Central Bank Independence and Accountability
Keynote Presentation by David Wheelock
Congress established the Federal Reserve in 1913 as a politically independent central bank. This independence was a foundational tenet, but the Fed has lost only to regain that independence during its more than 100-year history. What does central bank independence really mean, and why might a country want an independent central bank?
In this recorded presentation David Wheelock, senior vice president and special policy advisor to St. Louis Fed President James Bullard, explores political pressures on the Fed over time, and why central bank independence requires transparency and accountability. Following his presentation, Wheelock is joined by Fernando Martin, St. Louis Fed economist and research officer, for a Q&A session.
- (0:00) Introduction by Kristie Engemann, senior coordinator at the St. Louis Fed
- (1:37) David Wheelock presents “Central Bank Independence and Accountability”
- (2:11) Presentation overview:
- What is central bank independence and why is it important?
- How about a gold standard?
- How independence was built into the Federal Reserve System
- How the Fed lost and then regained independence
- Making tough decisions in a politically charged environment: Can a central bank be both independent and accountable?
- (3:17) Central Bank Independence
- (5:42) The Case for Central Bank Independence
- (7:44) Central Bank Independence and Inflation
- (8:52) What about the Gold Standard?
- (9:40) Is Central Bank Independence as Good as Gold?
- (11:55) Price Stability?
- (14:05) World’s First Central Bank (The Riksbank, 1668)
- (14:49) Independence and the Founding of the Fed
- (16:50) The Solution: Not a “Central Bank”
- (17:35) The Fed Has Never Been Fully Independent
- (19:55) Independence!
- (21:12) Independence Since the Accord!
- (23:10) Political Pressures Since the Accord
- (23:35) If you can’t stand the heat …
- (24:28) The Ebbs and Flows of Political Pressure
- (30:40) Are Big Deficits a Threat to Fed Independence?
- (32:10) National Debt Measures
- (33:15) Independent but Accountable
- (34:30) Kristie Engemann introduces Fernando Martin
- (35:31) Panel discussion and Q&A
Related Resources from the St. Louis Fed
Publications and Special Releases
- Page One Economics: Independence, Accountability, and the Federal Reserve System (May 2020)
- Annual Report 2013: 100 Years of Service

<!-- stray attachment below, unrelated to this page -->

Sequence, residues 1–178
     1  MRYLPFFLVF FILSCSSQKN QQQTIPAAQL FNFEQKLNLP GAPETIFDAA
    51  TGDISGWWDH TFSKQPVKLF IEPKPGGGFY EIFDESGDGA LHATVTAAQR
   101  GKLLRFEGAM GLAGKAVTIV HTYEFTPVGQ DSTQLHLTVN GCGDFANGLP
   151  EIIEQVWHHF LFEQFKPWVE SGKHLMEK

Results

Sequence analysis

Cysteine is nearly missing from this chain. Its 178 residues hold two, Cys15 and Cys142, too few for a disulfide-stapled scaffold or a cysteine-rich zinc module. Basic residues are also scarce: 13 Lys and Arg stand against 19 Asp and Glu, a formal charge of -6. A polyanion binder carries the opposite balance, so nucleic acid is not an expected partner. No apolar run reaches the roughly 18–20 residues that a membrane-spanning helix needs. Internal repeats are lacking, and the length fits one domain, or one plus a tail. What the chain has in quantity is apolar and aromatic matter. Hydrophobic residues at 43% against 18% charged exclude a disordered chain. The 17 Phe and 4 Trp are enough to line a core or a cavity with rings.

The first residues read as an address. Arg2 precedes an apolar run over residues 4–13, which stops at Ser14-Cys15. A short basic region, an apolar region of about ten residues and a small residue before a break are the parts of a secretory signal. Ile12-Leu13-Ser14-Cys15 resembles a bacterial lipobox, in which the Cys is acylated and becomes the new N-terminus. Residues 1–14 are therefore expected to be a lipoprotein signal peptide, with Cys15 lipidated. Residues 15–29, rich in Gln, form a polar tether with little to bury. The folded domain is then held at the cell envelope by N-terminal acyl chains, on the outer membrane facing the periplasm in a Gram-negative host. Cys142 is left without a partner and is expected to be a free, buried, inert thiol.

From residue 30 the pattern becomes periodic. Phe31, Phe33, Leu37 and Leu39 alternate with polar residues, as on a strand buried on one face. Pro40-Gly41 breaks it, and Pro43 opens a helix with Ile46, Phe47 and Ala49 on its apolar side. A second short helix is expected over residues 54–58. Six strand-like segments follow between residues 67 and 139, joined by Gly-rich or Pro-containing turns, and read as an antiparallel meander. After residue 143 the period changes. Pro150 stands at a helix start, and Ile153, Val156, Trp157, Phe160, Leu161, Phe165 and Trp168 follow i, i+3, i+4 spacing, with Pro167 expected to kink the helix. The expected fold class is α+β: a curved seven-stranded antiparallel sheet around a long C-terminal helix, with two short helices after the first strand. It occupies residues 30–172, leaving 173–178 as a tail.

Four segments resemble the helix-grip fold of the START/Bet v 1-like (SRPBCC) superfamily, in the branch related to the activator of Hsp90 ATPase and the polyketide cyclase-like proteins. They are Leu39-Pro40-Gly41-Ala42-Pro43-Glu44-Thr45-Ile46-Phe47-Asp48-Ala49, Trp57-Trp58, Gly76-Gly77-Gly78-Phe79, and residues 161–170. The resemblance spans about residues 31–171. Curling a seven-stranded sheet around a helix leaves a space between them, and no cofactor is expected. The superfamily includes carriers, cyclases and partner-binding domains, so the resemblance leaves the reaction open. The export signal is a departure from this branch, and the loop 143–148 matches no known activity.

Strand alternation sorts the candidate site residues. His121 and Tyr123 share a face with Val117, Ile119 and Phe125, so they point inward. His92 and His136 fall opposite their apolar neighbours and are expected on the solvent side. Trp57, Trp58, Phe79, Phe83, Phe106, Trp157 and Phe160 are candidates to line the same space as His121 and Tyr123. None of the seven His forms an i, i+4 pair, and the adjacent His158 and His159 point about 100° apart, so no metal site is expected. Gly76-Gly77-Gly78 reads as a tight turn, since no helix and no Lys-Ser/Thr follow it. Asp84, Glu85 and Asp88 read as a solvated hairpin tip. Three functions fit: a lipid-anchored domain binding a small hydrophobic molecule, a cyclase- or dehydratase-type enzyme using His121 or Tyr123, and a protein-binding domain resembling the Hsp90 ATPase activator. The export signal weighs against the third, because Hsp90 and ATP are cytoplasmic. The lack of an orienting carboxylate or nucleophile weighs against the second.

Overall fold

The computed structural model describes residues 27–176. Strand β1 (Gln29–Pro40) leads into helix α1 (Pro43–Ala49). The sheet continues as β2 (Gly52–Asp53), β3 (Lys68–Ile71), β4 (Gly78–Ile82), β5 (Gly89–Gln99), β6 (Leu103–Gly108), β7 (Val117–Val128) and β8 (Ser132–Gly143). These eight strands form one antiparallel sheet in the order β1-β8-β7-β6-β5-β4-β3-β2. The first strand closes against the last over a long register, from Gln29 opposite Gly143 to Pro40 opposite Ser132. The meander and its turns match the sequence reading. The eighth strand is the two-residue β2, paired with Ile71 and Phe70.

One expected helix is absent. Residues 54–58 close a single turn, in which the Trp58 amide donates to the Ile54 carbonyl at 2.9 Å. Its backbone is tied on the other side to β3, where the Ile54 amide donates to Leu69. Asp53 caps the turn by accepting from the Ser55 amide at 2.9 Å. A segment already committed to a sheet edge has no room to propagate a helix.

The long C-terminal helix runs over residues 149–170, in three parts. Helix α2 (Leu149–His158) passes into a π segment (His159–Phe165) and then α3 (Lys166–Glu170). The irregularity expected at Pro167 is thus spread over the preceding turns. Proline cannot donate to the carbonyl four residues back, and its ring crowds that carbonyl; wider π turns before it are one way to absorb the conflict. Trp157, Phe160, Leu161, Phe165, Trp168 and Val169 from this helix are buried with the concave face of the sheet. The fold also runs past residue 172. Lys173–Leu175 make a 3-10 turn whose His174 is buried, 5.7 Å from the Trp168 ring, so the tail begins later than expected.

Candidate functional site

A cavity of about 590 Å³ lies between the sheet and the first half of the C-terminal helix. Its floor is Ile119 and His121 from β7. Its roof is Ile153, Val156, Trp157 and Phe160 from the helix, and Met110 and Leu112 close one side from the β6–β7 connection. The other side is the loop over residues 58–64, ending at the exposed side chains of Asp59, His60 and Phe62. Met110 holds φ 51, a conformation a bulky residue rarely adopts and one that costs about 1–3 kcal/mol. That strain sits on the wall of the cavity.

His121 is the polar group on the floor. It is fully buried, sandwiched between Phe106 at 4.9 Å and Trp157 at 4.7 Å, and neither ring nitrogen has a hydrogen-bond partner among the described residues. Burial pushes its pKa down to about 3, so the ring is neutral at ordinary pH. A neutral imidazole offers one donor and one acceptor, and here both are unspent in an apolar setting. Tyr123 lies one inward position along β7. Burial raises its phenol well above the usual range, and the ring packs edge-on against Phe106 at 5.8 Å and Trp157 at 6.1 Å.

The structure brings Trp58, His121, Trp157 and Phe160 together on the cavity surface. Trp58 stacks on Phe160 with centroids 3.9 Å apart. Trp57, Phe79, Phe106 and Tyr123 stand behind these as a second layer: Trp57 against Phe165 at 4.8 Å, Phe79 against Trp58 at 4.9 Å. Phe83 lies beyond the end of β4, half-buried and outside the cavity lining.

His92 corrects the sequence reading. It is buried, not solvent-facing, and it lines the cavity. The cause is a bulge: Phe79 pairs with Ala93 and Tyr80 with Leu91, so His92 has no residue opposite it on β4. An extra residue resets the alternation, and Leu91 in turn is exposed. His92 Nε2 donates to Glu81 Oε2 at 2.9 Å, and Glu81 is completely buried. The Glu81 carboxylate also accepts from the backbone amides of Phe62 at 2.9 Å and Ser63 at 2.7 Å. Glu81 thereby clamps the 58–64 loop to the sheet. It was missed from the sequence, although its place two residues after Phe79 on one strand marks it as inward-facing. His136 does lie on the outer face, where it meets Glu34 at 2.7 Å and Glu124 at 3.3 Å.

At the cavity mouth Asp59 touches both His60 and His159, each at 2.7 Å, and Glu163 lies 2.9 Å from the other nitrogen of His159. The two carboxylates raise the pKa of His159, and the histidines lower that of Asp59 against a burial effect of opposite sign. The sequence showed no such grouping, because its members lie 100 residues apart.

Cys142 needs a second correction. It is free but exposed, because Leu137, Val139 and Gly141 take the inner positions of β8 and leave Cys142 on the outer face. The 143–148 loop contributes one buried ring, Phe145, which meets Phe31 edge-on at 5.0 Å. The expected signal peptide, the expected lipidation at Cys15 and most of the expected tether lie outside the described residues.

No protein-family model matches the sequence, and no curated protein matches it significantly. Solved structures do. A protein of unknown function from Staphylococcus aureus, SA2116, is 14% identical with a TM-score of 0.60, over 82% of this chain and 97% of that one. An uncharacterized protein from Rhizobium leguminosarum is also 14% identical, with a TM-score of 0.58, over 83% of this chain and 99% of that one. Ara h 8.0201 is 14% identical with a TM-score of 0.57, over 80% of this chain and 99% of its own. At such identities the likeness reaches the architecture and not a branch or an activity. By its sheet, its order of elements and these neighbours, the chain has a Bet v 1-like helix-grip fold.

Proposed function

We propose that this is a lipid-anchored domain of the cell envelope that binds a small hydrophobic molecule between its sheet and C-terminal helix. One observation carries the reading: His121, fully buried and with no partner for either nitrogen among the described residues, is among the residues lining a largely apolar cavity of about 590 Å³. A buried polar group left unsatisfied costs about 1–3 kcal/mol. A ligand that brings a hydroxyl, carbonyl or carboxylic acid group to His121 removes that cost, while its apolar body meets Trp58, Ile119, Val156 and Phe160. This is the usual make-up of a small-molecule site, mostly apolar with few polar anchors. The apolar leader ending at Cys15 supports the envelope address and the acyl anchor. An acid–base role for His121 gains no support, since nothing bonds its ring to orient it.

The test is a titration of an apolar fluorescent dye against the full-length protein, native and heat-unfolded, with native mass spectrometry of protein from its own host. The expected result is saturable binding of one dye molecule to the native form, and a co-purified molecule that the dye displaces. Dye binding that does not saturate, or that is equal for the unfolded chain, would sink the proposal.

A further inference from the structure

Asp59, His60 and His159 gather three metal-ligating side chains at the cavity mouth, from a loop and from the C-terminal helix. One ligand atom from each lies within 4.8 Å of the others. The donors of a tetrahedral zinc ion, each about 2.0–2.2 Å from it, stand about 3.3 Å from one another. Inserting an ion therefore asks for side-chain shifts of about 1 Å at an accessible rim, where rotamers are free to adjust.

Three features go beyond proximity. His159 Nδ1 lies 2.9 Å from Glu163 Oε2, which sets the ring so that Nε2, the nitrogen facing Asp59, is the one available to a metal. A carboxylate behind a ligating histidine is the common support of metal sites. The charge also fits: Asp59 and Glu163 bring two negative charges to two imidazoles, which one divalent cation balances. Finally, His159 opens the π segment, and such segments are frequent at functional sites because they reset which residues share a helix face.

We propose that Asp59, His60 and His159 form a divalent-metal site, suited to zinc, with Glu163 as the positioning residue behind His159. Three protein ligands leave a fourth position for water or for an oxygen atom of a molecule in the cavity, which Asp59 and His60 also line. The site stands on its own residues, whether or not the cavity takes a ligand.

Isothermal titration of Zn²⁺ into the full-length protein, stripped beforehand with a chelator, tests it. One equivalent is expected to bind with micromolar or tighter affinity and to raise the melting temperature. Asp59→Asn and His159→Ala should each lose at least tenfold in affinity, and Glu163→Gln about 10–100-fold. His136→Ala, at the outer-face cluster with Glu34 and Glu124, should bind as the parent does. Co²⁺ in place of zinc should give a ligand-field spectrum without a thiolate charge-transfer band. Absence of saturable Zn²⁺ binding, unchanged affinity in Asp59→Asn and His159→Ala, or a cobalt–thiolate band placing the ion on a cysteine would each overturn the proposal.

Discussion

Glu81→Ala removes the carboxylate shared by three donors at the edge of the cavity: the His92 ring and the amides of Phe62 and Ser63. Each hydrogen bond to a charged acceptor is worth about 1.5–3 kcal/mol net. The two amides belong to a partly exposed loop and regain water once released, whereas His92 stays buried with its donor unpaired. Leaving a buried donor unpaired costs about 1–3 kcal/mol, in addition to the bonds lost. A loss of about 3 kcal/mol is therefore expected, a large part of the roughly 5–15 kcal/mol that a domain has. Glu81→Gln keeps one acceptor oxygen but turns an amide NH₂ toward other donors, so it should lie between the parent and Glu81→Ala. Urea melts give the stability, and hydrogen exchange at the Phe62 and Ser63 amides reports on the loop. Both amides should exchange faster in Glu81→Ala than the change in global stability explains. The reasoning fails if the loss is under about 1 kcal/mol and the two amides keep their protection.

- Annual Report 2009: Independence + Accountability: Why the Fed Is a Well-Designed Central Bank and related Review article (September/October 2011)
- In Plain English: Making Sense of the Federal Reserve
- Open Vault blog: Is the Federal Reserve Part of the Government? (Nov. 28, 2018)
- Open Vault blog: Here’s the Difference between Fiscal Policy and Monetary Policy (Oct. 10, 2018)
- Open Vault blog: Four Common Myths about the Federal Reserve (June 27, 2018)
- On the Economy blog: Financing the U.S. Response to COVID-19 (Dec. 1, 2020)
- Open Vault blog: Debt-to-GDP Ratio: How High Is Too High? It Depends (Oct. 7, 2020)
Speeches/Remarks and Materials from the Board of Governors and the Federal Reserve System
- Treasury–Federal Reserve Cooperation and the Importance of Central Bank Independence (by Governor Christopher Waller, March 29, 2021)
- Brief Remarks at the premiere of “Marriner Eccles: Father of the Modern Federal Reserve” (by Chair Jerome Powell, Oct. 7, 2019)
- Central Bank Independence, Transparency, and Accountability (by then-Chair Ben Bernanke, May 25, 2010)
- Balance of Power: The Political Fight for an Independent Central Bank, 1790-Present (Federal Reserve Bank of Kansas City, June 2012)
- The Evolution of Fed Independence (Federal Reserve Bank of Richmond, Fall 2009)
- FAQs: About the Fed
Get notified about upcoming events and videos. This popular lecture series, open to the public, addresses key issues of the day. It also provides the opportunity to ask questions of Fed experts. Views expressed are not necessarily those of the St. Louis Fed or Federal Reserve System.
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